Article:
The U.K.’s national broadcaster switched instantly into mourning mode when Prince Philip’s death was announced Friday.
The BBC canceled its regular programming and aired special coverage hosted by black-clad news anchors throughout the day. Popular prime-time shows such as the cooking contest “MasterChef” were supplanted, and the network’s music radio stations played instrumentals and somber tunes.
Some Britons saw the BBC’s actions as a fitting mark of respect. For others, it was a bit much.
The broadcaster received so many complaints alleging its reporting was excessive that it set up a special website page for viewers to register objections if they felt there was “too much TV coverage of the death of HRH Prince Philip, Duke of Edinburgh.” It didn’t disclose how many people had complained by Saturday.
Simon McCoy, a long-time BBC news presenter who recently left the network, suggested the wall-to-wall coverage was inordinate.
“BBC1 and BBC2 showing the same thing. And presumably the News Channel, too. Why? I know this is a huge event. But surely the public deserve a choice of programming?” McCoy said on Twitter.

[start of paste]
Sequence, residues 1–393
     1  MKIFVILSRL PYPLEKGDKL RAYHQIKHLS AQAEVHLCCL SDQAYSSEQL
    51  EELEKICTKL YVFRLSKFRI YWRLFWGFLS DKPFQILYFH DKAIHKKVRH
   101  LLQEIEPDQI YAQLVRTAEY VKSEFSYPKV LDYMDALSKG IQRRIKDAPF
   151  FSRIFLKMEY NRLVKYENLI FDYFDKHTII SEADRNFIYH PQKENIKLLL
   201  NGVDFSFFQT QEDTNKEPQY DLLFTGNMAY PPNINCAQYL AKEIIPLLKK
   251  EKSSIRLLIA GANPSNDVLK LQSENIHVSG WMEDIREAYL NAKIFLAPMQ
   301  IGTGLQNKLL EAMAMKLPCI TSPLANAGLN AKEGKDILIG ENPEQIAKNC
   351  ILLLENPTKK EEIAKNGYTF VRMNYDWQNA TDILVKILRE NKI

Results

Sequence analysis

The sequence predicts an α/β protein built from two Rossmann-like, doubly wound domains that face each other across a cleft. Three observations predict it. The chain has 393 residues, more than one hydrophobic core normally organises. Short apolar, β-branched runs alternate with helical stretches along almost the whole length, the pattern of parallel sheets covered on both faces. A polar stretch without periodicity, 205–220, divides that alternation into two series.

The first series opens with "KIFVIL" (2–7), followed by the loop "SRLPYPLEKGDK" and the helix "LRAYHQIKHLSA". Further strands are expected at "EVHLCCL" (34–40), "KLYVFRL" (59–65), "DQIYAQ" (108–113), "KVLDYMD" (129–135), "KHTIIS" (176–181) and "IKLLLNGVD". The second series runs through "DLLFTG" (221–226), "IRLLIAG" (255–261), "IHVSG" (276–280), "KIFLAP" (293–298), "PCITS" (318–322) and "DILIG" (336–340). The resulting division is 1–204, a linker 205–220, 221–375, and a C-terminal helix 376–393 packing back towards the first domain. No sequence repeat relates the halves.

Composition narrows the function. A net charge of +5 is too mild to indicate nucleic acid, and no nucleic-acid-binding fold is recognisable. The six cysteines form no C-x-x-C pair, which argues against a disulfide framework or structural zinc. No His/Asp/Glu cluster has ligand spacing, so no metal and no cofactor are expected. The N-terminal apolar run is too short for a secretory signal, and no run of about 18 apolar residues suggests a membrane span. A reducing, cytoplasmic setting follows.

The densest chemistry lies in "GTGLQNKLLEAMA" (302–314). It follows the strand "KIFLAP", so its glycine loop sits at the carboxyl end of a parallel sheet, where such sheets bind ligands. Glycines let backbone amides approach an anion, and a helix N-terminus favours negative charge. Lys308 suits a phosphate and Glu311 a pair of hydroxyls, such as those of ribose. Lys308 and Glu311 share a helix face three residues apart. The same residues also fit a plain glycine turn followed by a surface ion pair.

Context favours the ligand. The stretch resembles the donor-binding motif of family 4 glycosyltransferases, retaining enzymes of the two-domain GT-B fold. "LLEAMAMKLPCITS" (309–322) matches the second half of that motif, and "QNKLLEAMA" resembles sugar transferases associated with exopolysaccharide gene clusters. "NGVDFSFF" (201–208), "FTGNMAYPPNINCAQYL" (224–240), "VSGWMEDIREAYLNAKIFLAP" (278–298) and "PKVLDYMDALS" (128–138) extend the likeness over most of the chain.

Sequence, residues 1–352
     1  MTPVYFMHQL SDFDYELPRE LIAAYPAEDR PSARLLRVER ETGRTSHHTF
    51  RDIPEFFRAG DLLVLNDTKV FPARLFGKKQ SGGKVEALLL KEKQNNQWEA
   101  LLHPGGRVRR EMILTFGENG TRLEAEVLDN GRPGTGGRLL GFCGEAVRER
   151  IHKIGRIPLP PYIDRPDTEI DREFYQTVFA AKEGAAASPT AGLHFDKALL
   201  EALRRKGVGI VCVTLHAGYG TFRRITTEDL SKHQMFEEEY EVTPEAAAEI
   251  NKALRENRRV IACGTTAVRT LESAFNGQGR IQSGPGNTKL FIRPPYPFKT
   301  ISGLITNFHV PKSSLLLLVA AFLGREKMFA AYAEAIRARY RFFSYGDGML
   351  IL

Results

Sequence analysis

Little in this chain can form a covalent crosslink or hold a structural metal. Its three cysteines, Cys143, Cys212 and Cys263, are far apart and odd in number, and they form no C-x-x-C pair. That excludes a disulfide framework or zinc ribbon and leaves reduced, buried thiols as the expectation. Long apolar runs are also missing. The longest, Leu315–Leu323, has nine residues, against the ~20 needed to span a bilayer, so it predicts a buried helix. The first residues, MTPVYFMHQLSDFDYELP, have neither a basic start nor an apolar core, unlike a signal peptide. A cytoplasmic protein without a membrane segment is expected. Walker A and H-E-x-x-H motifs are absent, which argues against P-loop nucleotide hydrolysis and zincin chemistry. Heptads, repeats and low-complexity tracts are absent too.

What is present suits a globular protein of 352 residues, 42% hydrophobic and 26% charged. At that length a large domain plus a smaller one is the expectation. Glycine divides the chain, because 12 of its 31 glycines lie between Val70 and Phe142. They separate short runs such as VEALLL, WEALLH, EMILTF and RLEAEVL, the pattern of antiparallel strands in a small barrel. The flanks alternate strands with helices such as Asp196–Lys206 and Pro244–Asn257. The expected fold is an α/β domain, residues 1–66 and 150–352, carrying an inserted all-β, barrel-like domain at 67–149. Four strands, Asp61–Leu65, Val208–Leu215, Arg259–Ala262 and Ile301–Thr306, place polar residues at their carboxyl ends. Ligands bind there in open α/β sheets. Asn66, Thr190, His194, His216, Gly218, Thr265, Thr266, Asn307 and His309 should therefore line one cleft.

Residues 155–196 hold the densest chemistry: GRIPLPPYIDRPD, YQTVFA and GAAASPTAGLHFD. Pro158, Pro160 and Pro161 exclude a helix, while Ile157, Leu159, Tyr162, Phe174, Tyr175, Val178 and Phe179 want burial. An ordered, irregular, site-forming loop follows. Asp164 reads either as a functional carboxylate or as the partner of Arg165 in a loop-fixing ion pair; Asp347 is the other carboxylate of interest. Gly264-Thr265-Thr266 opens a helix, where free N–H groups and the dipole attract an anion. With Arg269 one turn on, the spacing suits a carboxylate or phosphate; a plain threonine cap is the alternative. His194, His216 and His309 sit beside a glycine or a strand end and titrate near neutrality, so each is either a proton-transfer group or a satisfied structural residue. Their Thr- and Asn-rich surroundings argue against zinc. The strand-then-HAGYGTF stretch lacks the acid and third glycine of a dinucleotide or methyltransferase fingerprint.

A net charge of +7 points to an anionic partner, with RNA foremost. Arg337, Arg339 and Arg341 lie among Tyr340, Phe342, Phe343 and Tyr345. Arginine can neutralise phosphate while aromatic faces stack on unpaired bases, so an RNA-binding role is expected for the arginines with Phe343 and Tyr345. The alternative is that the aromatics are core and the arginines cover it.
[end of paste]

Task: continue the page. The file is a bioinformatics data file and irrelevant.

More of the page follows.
The publicly funded BBC often finds itself under fire from all sides for its treatment of major national events. When the Queen Mother Elizabeth died in 2002, the broadcaster received criticism because the announcer who delivered the news did not wear a black tie.
Britain’s other TV stations also gave extensive coverage to Philip’s death at age 99 and after 73 years of marriage to Queen Elizabeth II. Commercial network ITV aired news coverage and tribute programs all day Friday in place of scheduled programming.
The BBC is under unique pressure, though, because it is taxpayer-funded. Scrutiny and questions about its role have grown in recent years as commercial rivals and streaming services give audiences more choice.
The BBC has often irked governments with its coverage of their failings and scandals. Prime Minister Boris Johnson’s Conservative administration has been especially rankled, detecting a liberal bias in the broadcaster’s coverage of issues such as Brexit.
For a time, the government refused to allow Cabinet ministers to appear on major BBC news programs, and it mulled the idea of scrapping the 159 pound ($218) a year license fee that households pay to fund the broadcaster.
BBC Director-General Tim Davie has acknowledged the organization must evolve with changing times, but says it remains essential to British society.
“We have a different purpose” than broadcasters such as Netflix, Davie told U.K. lawmakers last month. “I’m not running a business for profit. I’m running...an organization for purpose.”